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Church management

Following the kerfuffle in Canterbury, Tobias Haller, BSG, was reminded of a piece he wrote in 2006 in response to issues we were having with the Anglican Communion, and has posted it, unchanged, noting that little has changed between 2006 and 2016, except the approach to ‘management’, which breaks with history and tradition.

From the post:

The leadership of the Church of England, and by extension (since the majority are relatively recent products of English missionary efforts) many of the Primates of the Anglican Communion seem to have taken a managerial approach to the development of doctrine and polity within Anglicanism. One might observe this is better than the almost impossibilist approach of the Eastern Church or the heavily top-down of the Roman, but in recent years these leaders seem to have taken their cue more from those directions than from the more traditionally Anglican model of provincial autonomy to innovate and the process of reception over time.


His re-posted piece is a list of all the times that we’ve reinterpreted Scripture in our continuing relationship with God; taking a Swiftian approach, Haller provides these as a list of times when we didn’t do what we ‘should have’ done. From the post:

Joseph should have ignored the “personal revelation” he received — again in a dream, no less — and acted in accordance with the Law, and when he found Mary to be with child by someone other than himself, had her stoned to death, and her unborn child with her.

Then we wouldn’t be having all these problems with the Anglican Communion.


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Tobias Haller

Well, this will be my last comment on the topic, as it appears from this last that there is really no substantial disagreement between us. My point, founded upon the text, was that it was because of the angelic message that Joseph came to believe that Mary was not unchaste; that he previously thought so, on the evidence of her pregnancy, was the reason for setting her aside quietly (perhaps taking the provision of Dt 24). Once he was convinced otherwise (by the angel) he acted accordingly. He needed that assurance, and he received it, and no longer had any need to enforce any ancient law whatsoever. (Chrysostom’s sermon on the text goes on to speculate as to why the angel delayed in informing Joseph, unlike that angel who gave preemptive warning to Mary (in Luke); and suggests that like Zachariah Joseph might have been slow to believe.)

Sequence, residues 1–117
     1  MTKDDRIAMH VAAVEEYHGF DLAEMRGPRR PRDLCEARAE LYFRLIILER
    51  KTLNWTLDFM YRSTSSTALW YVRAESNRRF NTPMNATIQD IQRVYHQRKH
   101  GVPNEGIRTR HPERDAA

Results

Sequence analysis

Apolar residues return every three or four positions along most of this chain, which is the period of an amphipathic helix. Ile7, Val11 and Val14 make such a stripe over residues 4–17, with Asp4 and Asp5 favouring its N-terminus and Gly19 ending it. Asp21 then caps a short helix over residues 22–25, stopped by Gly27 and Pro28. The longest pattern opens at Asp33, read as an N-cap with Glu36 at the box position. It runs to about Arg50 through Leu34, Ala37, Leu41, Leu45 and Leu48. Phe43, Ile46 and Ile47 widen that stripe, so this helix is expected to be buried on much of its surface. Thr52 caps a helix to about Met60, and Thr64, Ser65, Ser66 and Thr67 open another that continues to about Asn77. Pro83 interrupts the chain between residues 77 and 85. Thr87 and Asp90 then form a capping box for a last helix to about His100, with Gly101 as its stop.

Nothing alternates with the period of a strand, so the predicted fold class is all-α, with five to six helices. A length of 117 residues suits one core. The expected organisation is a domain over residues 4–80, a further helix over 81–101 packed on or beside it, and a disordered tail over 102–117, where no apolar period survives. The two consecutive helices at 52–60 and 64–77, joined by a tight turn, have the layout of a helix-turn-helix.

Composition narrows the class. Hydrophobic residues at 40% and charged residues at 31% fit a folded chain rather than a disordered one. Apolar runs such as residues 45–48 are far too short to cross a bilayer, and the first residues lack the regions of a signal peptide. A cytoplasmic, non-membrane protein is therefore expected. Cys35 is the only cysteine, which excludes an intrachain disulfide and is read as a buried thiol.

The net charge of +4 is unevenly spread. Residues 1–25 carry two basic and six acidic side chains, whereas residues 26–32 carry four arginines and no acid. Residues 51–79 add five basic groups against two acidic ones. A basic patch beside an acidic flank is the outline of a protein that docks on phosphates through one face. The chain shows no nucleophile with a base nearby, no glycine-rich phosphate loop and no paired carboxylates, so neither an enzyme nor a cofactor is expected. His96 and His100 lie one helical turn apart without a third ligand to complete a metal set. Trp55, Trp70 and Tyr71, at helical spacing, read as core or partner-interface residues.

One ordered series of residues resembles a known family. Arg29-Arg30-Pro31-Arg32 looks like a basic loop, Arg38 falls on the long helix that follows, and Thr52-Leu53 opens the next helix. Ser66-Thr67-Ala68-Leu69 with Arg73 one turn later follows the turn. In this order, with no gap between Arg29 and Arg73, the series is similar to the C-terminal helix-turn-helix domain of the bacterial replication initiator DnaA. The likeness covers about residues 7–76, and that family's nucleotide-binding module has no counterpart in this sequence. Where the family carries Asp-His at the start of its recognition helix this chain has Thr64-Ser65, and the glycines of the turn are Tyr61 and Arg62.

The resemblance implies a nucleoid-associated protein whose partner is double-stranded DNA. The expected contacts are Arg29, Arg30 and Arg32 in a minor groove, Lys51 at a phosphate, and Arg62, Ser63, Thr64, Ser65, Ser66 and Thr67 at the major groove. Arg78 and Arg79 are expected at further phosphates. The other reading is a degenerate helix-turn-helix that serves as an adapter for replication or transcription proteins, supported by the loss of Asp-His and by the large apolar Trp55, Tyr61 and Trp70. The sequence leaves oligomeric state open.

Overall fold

To quiet any further doubt as to our agreement, here is a passage from that sermon (Homily on Matt IV.7). It also ends with a rather exuberant antiphon.

Many have chosen to give up their lives rather than fall under the suspicion of jealousy. But in this case it was not so little as suspicion, the burden of the womb entirely convicting her. But nevertheless Joseph was so free from passion as to be unwilling to grieve the Virgin even in the least matters. Thus, whereas to keep her in his house seemed like a transgression of the law, but to expose and bring her to trial would constrain him to deliver her to die; he doth none of these things, but conducts himself now by a higher rule than the law. For grace being come, there must needs henceforth be many tokens of that exalted citizenship. For as the sun, though as yet he show not his beams, doth from afar by his light illumine more than half the world; so likewise Christ, when about to rise from that womb, even before He came forth, shone over all the world. Wherefore, even before her travail, prophets danced for joy, and women foretold what was to come, and John, when he had not yet come forth from the belly, leaped from the very womb. Hence also this man exhibited great self-command, in that he neither accused nor upbraided, but only set about putting her away.

And I trust that there we can let the matter rest.

Prof. Christopher Seitz

Of course he didn’t follow any ‘legal’ option because none applied!

Classical commentators note this as well.

Where was the man she had adulterous relations with?